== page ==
The Netlab MLP is also a feedforward ANN, but with scaled conjugate gradient as training algorithm. It consists of 32 input neurons, one hidden layer with 32 hidden neurons and variable output neurons. Because the Netlab architecture is based on Bishop [28], only one hidden layer is available. Output function used by the MLP was either softmax or logistic with a 0 to 1 output range.

Both training algorithms are limited to a maximum number of 200 iterations.

D. Analysis

The Wilcoxon Sign-Rank test with a significance level of \(\alpha\) = 0.05 is applied to all algorithms and their respective parameters to evaluate significance for each movement classification accuracy. The mean accuracy (Acc), standard deviation (SD) and p value of the models, as well as training time in seconds, will be given in the tables. The SD was calculated over the averaged iterations and across subjects and movements. Although training time is not regarded as an important aspect for offline classification, short training time has advantages in practical applications such as immediately available prosthesis control without a delay caused by the computing training algorithm. Fast training would also be a requirement for prospective online adaptive learning.


A. Performance comparison of linear models

The direct comparison of accuracies for BioPatRec LDA and Netlab GLM can be found in Table 1. Although LDA and GLM are both linear models, GLM performs better because it is based on the training algorithms scg or irls. For a single output model, GLM scg achieved significantly higher accuracies than GLM irls, although the difference is small. As for models with multiple output, the GLM irls and GLM scg training algorithms performed equally well. Highest significant accuracies are marked italics in Table 1.
Table 1

Comparison of linear models

Outp. type

BioPatRec LDA

Netlab GLM netopt (scg)

Netlab GLM train (irls)





















Italics significantly higher accuracy against LDA with p < 0.01

GLM netopt single output has significantly higher accuracy than GLM train with single but not multiple outputs

B. Optimal number of hidden units

Considering that there was no indication in BioPatRec as to why two layers of 32 hidden units were used [20], an evaluation to find the optimal number of hidden units for each classification problem was performed. For each number of hidden units (1–100), 10 MLPs were trained and evaluated (cross-validation). The accuracy for each number of hidden units was averaged over those 10 MLPs and can be seen for simgle output type in Fig. 1a and multiple output type in Fig. 1b.
Fig. 1

a Single output type: this figure shows the accuracy reached for every number of hidden units. After 64 HU there was no significant increase in accuracy. b Multiple output type: this figure shows the accuracy reached for every number of hidden units. After 74 HU there was no significant increase in accuracy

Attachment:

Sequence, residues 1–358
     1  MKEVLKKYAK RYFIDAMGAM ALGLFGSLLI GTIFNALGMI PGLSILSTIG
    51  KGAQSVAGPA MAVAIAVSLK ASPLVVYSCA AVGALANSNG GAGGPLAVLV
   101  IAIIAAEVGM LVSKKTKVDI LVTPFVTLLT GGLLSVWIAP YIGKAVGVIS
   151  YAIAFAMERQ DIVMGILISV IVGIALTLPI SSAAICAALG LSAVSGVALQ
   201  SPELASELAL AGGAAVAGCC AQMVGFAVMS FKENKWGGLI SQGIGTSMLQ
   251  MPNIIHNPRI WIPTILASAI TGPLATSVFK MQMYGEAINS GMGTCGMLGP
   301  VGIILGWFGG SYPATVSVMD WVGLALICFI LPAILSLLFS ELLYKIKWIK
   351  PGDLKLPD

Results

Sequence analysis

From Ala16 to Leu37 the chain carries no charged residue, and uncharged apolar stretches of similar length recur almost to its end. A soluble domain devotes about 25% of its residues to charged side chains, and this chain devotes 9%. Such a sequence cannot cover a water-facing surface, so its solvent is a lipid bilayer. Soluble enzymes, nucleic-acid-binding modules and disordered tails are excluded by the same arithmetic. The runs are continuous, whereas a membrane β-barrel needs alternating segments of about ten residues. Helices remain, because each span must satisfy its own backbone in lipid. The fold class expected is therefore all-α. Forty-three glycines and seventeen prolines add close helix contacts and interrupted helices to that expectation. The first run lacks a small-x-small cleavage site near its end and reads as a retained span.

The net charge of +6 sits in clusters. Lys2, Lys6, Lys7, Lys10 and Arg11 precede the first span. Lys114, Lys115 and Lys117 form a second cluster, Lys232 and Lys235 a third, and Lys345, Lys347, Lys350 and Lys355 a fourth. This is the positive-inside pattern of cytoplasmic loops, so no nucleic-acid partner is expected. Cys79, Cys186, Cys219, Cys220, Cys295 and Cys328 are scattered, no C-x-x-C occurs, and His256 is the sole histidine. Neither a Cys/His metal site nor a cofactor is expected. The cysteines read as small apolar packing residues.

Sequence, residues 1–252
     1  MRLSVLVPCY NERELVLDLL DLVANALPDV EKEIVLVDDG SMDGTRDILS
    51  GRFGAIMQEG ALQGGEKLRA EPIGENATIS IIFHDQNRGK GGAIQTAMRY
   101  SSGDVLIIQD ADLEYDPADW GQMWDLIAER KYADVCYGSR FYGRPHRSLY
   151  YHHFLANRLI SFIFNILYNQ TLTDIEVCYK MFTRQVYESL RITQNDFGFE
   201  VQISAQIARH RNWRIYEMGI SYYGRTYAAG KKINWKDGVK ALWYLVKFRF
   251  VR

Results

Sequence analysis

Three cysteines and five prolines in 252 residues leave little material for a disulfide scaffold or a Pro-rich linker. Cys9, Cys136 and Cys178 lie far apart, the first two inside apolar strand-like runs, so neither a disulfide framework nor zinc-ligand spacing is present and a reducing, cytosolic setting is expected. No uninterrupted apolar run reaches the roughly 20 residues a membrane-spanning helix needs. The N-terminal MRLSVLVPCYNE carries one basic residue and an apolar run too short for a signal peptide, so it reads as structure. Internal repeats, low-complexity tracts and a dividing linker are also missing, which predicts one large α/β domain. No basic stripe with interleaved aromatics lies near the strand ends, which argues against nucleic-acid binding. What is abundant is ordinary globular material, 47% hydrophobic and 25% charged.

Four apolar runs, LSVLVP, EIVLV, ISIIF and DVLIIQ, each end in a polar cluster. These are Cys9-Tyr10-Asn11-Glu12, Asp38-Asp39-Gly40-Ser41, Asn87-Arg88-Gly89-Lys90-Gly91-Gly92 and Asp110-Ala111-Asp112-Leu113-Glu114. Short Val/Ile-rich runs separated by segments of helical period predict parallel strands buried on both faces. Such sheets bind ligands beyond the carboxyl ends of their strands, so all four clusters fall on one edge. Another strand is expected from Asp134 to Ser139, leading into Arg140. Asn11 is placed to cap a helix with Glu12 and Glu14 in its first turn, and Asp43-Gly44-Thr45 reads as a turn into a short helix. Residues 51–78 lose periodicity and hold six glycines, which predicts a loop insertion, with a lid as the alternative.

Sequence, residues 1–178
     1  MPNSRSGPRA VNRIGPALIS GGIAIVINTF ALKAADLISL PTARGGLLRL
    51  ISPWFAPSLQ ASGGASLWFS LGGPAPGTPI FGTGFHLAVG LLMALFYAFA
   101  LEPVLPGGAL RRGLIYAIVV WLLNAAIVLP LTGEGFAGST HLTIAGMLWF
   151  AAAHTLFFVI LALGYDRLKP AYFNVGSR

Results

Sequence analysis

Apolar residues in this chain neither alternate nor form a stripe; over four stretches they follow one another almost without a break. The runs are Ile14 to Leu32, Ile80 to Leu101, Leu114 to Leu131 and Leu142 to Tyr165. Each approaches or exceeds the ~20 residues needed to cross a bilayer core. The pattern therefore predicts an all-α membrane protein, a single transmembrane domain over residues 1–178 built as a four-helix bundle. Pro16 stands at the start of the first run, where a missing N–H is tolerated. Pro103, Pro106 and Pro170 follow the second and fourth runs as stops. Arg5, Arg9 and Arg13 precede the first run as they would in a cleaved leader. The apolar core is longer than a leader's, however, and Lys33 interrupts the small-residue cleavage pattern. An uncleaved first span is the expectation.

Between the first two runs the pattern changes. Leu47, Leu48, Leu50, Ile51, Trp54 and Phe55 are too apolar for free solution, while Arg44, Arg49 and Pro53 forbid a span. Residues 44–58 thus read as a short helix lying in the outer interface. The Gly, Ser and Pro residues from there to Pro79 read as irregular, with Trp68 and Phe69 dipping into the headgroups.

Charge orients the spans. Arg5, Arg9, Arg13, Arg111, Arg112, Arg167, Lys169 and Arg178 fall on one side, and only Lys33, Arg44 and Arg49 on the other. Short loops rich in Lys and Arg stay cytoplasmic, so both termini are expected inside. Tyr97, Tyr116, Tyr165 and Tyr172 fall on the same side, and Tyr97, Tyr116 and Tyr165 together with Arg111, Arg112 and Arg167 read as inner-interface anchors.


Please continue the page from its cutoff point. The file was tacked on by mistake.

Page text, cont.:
Because of time concerns, hidden unit evaluation was performed for Netlab. The Wilcoxon Sign-Rank test evaluated if an increase in the number of hidden units significantly improved the accuracy. The smallest number of hidden units out of 100 maximum permissible, for which no significantly higher accuracy could be observed are: (a) 64 hidden units for a single output type and (b) 74 hidden units for the multiple output type. However, from 30 to 40 hidden units on, the accuracy only slightly increases. The peaks seen on the curves cannot be attributed to statistical error but are due to systematic variance between the number of hidden units.

As the network for the multiple output (74 HU) problem is more complex than for single output (64 HU) it could be assumed that the multiple output problem is more complex.

C. Performance comparison of neural networks

MLPs with different network complexities were tested within Netlab and BioPatRec and results are shown in Table 2. Since the highest classification accuracy per output type has tested significant against all other methods in BioPatRec and Netlab, it is marked italics within the table. The Netlab neural nets achieved significantly higher accuracies in single as well as in multiple output type. This is expected due to the better performance of the scg training algorithm compared to gradient descent. With an optimized number of hidden units, the accuracy of the Netlab MLPs could be additionally increased from 98.3 to 98.7 % in the single output type and from 97.0 to 98.0 % in the multiple output type. For the BioPatRec MLPs there is no higher accuracy for the optimized number of hidden units. This is probably due to the weak performance of gradient descent in higher complexity networks. Another finding is the better performance of single output type against multiple output type for the respective settings with highest accuracy, which was Netlab MLP with an optimized number of hidden units.
Table 2

Performance comparison of non-linear models and optimal number of hidden units (HU)